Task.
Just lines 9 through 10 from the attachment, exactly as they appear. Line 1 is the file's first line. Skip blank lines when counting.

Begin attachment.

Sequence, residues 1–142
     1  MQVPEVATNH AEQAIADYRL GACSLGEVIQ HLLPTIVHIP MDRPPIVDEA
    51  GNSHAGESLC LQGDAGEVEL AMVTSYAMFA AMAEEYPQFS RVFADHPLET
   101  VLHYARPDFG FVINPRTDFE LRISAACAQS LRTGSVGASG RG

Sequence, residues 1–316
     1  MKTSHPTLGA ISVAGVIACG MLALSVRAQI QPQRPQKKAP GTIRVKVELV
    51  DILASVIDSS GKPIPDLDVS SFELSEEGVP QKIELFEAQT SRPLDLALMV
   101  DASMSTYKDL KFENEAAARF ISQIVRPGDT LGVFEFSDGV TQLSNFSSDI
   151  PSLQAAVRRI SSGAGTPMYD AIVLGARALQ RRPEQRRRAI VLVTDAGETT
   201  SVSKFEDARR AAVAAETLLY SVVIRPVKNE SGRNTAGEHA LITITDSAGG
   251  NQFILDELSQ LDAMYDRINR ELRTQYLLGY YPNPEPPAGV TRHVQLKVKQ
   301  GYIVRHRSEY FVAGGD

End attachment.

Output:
   151  PSLQAAVRRI SSGAGTPMYD AIVLGARALQ RRPEQRRRAI VLVTDAGETT
   201  SVSKFEDARR AAVAAETLLY SVVIRPVKNE SGRNTAGEHA LITITDSAGG